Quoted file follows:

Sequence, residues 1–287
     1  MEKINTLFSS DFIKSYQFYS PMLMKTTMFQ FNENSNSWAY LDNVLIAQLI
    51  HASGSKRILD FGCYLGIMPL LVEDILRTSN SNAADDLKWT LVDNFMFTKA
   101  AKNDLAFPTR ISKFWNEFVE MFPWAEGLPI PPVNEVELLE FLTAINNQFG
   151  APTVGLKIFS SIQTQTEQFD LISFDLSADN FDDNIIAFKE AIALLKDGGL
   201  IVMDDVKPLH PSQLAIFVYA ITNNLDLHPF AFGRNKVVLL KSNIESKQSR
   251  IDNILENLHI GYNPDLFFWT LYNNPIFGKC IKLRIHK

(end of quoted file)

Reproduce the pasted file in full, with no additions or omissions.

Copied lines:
Sequence, residues 1–287
     1  MEKINTLFSS DFIKSYQFYS PMLMKTTMFQ FNENSNSWAY LDNVLIAQLI
    51  HASGSKRILD FGCYLGIMPL LVEDILRTSN SNAADDLKWT LVDNFMFTKA
   101  AKNDLAFPTR ISKFWNEFVE MFPWAEGLPI PPVNEVELLE FLTAINNQFG
   151  APTVGLKIFS SIQTQTEQFD LISFDLSADN FDDNIIAFKE AIALLKDGGL
   201  IVMDDVKPLH PSQLAIFVYA ITNNLDLHPF AFGRNKVVLL KSNIESKQSR
   251  IDNILENLHI GYNPDLFFWT LYNNPIFGKC IKLRIHK